If your dog ate Vaseline, don’t panic — in most cases, ingesting small amounts of Vaseline will not be harmful. While Vaseline isn’t the most nutritious for your pup to consume, it’s not poisonous and will usually just pass through their system with no issue.
Keep an eye on your dog for the next 24 hours to make sure they don’t have any adverse effects and give them plenty of water to drink.
What Happens if a Dog Eats Vaseline?
Most times, if your dog consumes a small amount of Vaseline, they will be fine. Some dogs may experience an upset stomach or diarrhea, but this is typically not serious and will resolve on its own.
If your dog ate a large amount of Vaseline, they might have more serious side effects, like excessive vomiting and diarrhea that can lead to dehydration. If your dog has any of these symptoms, call your veterinarian for guidance on how to proceed.
Some vaseline products contain ingredients that could harm your dog if ingested. Cocoa butter, xylitol, and essential oils are all ingredients that are safe for humans but can be toxic to dogs.
If your dog ate Vaseline that contains any of these ingredients, contact your veterinarian immediately.
Is Vaseline Toxic to Dogs?
Vaseline is petroleum jelly that is made from mineral oil and wax. While it’s not poisonous, it can be harmful if your dog consumes too much.
Added coloring or flavors can be harmful, particularly cocoa butter, which contains theobromine. Theobromine is a toxic substance to dogs that can cause vomiting, diarrhea, tremors, and even death in severe cases.
Xylitol, a sugar-free sweetener, is in many lip gloss formulations. Xylitol is extremely toxic to dogs and can cause a drop in blood sugar, seizures, and even liver failure.
Other added ingredients that may be harmful include essential oils, fragrances, or known allergens, which can be toxic if ingested.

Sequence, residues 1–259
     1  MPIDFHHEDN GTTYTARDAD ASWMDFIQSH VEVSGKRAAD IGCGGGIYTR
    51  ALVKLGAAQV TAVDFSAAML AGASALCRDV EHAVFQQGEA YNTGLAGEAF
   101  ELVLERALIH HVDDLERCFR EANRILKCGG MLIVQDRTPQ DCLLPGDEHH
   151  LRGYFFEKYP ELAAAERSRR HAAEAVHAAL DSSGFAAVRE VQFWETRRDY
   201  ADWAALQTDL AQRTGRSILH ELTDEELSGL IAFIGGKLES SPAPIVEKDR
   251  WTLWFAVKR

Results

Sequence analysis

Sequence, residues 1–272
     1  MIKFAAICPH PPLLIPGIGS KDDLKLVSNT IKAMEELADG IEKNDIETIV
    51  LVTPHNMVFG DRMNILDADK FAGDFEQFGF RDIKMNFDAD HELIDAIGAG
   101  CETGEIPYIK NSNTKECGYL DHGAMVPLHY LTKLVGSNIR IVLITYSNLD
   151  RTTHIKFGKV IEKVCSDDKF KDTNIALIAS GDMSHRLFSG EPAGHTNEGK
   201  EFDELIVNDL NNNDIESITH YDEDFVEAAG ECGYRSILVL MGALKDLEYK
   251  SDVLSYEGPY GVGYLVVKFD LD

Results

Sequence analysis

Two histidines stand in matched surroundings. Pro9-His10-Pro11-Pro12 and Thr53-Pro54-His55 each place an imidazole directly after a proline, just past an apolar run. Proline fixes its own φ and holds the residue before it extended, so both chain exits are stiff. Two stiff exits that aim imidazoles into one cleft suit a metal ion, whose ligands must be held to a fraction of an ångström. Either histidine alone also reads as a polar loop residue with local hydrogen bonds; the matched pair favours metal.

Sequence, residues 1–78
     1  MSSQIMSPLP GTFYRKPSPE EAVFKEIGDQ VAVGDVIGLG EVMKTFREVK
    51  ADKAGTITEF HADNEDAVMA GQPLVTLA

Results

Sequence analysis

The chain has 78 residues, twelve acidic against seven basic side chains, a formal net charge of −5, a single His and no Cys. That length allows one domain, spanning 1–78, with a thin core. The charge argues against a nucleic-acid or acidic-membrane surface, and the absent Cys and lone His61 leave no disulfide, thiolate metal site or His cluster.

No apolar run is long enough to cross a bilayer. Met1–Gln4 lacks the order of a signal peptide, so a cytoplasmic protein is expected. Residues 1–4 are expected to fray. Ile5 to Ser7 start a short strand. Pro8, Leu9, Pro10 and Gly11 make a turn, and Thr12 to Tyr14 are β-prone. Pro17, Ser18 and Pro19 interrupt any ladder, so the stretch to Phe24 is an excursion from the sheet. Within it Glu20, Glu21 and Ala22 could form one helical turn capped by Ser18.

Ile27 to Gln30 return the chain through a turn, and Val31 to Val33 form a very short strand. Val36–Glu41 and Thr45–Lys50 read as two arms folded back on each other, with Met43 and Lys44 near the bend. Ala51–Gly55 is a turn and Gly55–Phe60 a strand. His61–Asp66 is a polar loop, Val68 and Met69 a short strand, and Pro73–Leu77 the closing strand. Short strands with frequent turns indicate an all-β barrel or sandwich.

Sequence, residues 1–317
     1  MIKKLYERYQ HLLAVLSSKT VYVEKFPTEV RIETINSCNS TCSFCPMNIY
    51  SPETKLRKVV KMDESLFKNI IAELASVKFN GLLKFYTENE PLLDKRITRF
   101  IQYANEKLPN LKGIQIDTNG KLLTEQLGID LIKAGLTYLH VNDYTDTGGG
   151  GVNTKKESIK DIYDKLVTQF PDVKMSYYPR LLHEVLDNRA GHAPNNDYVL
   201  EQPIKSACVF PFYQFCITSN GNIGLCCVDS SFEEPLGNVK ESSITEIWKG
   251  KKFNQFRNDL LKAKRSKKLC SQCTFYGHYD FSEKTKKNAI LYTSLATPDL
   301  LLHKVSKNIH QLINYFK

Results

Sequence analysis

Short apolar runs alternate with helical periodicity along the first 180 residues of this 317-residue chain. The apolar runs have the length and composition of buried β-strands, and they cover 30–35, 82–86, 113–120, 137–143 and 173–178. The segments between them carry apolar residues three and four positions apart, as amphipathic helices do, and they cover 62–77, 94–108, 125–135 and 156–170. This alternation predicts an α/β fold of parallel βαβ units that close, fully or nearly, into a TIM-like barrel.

Call your veterinarian or ASPCA Animal Poison Control Center at (888) 426-4435 if your dog ate any vaseline with these ingredients.
How Much Vaseline Is Too Much?
The amount of Vaseline that is toxic to dogs will vary depending on the size and breed. For example, a small dog or puppy can be more prone to adverse effects after eating Vaseline than a larger dog.
Laxatone, a laxative and hairball remedy for dogs and cats, is petroleum jelly and mineral oil with added flavor. So, small amounts of Vaseline are not likely to cause serious harm to most dogs.
The concern with consuming large amounts of Vaseline, or any petroleum jelly product, is the risk of dehydration from diarrhea and vomiting.
Symptoms To Look for if My Dog Ate Vaseline
If your dog ate a small amount of Vaseline, keep an eye out for common side effects of an upset stomach or diarrhea.
Dehydration is a serious concern for dogs if they have consumed a large amount of Vaseline or products that contain harmful ingredients like cocoa butter or xylitol.
Look for the following symptoms of poisoning and call your veterinarian right away if you see them:
- Dry gums that are tacky to the touch
- Loss of appetite
- Sunken eyes
Symptoms can range from mild to severe, depending on how much Vaseline your dog ate and their individual reaction to the product.
Dehydration can quickly become a life-threatening emergency in dogs, so it is important to seek medical attention if your dog is showing any of these symptoms.
Your veterinarian will want to know how much Vaseline your dog ate and the product’s ingredients, so it is helpful to have this information on hand when calling.
What Should I Do If My Dog Ate Vaseline?
First, determine how much Vaseline they consumed and the type of Vaseline. Vaseline is petroleum jelly, which is not harmful to dogs, but any added ingredients can be toxic.
If your dog only ate a small amount of Vaseline, they may have no reaction at all or only mild symptoms.